Abigail asked if I had ever had any spiritual experiences in the past. At first I said “no.” I had forgotten two events early in life. Well, not actually forgotten, but set them aside. That’s what people do in our secular age.
A woman I know recently took a boat trip up the Amazon. One night, she awakened when everyone else was fast asleep, and went up to the deck. The entire galaxy was splayed across the sky. She was enveloped by the dark sights and murmuring sounds of the jungle, teeming with life in the midst of tranquility. It was an immersion in the universe itself. She did not call the experience mystical or even religious, but it was certainly an epiphany, a moment of intimate connection with the Whole, full of awe, wonder, and reverence.
My friend’s experience was in a more impressive setting than my my two moments. The first occurred when I was just a kid. One of my chores was watering the lawn. I had run water in the shrubs and bent down to turn off the faucet. I don’t know why I lingered for a moment, crouching down, looking at the tap but, as I did, a last drop of water slowly formed on the bottom edge and hung there. I looked at that drop of water in a way I had never looked at anything before. I saw it—how to describe it?—in its full presence, its suchness, its integrity as an independent existent in the community of being. When I later read in Buber about encountering Nature as Thou, this experience came to mind. It was not as if the drop of water had a mind or soul or was looking back at me or anything like that. Yet I no longer saw it as merely an it, merely an item in the inventory of the universe. I saw the drop of water as, in a sense, a member of what Immanuel Kant called the Kingdom of Ends—the community of all beings who should be respected as ends-in-themselves, not just as means for the use of others. This is, of course, language I now use. I don’t know how I would have described it at the time. I was just a kid, after all, and it didn’t seem worth telling.
The other experience was more arresting and consequential. It was a balmy evening during my senior year at Riverside Poly high school. We used to go downtown to one of those old-style, elegant movie theatres. My friends and I were outside, standing around and joking, waiting for others to arrive. Suddenly, I was in a world of my own, enveloped by concentric circles swirling around a center, like a small spiral galaxy. Just as suddenly, the experience was over. It would have been hard to describe even then, but its meaning was crystal clear. Time had disclosed its essence to me. I did not mention it to my friends, who had not noticed my “absence.” I did not tell anyone—whatever understanding I retained I could not have articulated even to myself—but the moment left an imprint. Though not much for poetry, I found myself responding to T. S. Eliot’s Four Quartets, a deep meditation on the nature of time, and particularly to the lines:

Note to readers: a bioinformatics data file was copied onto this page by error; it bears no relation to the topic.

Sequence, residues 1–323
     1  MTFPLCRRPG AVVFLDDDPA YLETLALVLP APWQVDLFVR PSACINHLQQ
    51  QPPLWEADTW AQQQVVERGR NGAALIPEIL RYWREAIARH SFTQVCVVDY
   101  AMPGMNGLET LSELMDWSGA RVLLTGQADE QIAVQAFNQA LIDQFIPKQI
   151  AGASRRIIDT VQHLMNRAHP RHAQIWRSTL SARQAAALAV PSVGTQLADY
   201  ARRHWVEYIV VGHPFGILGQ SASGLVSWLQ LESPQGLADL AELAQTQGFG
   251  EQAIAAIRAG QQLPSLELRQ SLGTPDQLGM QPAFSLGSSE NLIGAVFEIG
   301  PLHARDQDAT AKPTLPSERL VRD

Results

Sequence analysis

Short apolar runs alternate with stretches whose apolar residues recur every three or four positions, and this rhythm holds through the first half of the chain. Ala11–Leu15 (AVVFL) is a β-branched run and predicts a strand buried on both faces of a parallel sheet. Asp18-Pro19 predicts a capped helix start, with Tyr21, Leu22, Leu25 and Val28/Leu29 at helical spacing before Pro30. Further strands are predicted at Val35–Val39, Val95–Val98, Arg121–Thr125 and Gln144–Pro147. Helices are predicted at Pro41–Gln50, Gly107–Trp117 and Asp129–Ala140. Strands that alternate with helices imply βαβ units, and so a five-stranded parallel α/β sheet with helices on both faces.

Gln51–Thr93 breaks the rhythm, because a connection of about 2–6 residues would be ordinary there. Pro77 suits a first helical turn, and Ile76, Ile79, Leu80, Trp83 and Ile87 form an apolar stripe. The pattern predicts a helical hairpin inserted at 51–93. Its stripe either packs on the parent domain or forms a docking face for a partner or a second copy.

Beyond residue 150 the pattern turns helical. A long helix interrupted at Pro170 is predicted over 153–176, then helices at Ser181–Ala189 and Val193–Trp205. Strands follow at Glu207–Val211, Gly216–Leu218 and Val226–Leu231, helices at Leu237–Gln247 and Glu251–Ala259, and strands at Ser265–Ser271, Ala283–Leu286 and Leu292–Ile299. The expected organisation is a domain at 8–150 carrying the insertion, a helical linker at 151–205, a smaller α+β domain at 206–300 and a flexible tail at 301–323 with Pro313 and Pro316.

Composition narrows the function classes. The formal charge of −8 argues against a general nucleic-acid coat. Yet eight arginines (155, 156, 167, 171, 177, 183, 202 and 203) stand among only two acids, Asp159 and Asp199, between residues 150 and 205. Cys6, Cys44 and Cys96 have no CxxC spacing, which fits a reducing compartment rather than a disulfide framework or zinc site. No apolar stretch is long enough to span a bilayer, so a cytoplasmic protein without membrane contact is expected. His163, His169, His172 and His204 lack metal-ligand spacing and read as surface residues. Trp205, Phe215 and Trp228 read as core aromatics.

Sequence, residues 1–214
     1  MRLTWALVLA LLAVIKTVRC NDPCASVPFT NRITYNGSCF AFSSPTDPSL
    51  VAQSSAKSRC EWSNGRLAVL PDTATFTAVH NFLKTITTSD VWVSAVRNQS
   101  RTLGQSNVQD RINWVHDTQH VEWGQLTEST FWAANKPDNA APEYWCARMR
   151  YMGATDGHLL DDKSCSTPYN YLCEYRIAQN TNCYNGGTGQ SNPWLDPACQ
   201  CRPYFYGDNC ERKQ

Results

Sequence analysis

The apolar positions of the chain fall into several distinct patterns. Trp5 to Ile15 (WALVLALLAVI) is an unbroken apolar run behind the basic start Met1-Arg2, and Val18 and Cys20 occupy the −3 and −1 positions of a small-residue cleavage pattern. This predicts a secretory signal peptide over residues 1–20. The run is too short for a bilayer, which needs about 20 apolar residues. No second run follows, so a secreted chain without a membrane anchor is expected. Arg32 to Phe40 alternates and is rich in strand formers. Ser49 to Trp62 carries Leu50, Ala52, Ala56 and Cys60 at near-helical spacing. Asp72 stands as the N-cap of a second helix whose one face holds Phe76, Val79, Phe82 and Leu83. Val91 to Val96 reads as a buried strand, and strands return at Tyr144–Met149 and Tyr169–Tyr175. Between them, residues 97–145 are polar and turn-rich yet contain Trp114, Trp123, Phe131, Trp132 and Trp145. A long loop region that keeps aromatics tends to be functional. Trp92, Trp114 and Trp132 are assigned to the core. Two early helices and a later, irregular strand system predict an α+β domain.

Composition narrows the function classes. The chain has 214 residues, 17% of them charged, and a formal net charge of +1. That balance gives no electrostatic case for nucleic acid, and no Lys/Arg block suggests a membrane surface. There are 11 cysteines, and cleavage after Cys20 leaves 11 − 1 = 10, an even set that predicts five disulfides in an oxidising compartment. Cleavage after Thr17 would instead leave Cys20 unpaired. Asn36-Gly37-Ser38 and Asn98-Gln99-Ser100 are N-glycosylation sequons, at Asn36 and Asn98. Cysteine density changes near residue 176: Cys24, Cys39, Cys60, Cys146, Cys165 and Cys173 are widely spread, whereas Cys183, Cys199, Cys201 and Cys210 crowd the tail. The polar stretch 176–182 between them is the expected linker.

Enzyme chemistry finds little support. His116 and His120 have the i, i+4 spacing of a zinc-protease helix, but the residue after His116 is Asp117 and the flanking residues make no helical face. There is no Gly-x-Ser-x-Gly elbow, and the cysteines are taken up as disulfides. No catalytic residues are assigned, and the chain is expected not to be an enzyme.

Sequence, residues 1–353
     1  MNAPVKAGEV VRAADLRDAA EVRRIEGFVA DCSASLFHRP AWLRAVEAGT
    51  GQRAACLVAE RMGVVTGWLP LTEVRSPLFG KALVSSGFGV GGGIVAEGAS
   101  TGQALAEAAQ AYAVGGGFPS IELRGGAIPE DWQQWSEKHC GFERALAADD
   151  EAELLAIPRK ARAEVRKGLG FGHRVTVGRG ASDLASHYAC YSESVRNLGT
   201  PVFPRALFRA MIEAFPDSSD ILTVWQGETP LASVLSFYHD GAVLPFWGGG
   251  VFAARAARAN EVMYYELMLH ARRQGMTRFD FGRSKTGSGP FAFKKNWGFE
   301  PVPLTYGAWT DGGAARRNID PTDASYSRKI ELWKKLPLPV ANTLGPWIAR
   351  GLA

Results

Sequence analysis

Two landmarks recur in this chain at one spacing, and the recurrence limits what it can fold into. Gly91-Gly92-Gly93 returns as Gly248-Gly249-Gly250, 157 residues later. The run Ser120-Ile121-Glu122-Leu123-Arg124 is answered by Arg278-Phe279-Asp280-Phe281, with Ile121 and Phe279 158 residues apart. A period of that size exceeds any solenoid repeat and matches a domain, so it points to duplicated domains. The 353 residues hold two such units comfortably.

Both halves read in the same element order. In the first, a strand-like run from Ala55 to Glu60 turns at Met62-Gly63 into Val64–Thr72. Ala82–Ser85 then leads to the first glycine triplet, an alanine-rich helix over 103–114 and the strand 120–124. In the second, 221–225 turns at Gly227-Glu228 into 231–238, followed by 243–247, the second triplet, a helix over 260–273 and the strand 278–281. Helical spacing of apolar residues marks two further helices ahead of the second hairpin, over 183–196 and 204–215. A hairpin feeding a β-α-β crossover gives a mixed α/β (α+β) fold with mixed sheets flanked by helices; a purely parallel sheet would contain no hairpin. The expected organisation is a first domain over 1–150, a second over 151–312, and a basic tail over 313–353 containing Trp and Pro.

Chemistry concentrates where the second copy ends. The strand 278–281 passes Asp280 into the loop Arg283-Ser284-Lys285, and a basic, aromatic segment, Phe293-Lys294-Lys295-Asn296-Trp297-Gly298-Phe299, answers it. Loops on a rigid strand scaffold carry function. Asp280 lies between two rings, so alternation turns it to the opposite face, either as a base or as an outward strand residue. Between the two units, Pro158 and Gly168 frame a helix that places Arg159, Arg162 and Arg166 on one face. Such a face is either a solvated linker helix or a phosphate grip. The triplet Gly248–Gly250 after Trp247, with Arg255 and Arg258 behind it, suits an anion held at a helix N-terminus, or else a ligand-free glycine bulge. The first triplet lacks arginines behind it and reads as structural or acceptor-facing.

At the still point of the turning world. Neither flesh nor fleshless;
Neither from nor towards; at the still point, there the dance is,
But neither arrest nor movement. And do not call it fixity,
Where past and future are gathered. Neither movement from nor towards,
Neither ascent nor decline. Except for the point, the still point,
There would be no dance, and there is only the dance.
I developed an interest in philosophical questions regarding time and years later published a phenomenological analysis of the experienced “now” that provided a way of understanding Plato’s insight that “time is the moving image of eternity.”
These two moments—and that of my friend in the Amazon—were divine shafts of light breaking through the clouds, as are many experiences people gloss over and relegate to their mental attics.
Later, I was told,
Think about epiphanic experiences. When did you feel close to Me or most spiritually open?
“I can only remember the two experiences. The first was the I-Thou with a drop of water.”
Yes, that is very significant. What did you understand from that experience?
“I understood the subjectivity of all things … but I’m not sure that is quite right. I did not imagine the drop of water looking out at me or having feelings or the like. I just encountered the ‘suchness’ of it, its full independent integrity, my respect for it, that we were in some kind of relationship …”
That was an encounter with Me. I was in the drop of water. Why not? Where else would I be? I am in everything. You suddenly became open to My presence in that drop of water. You did not think of it that way, and you were right. It is not that I as a great mystical being somehow inhabited this tiny object, but you rightly experienced the drop for what it was, and that is precisely how I am “in” things. As you can tell, I am in each thing “fully.”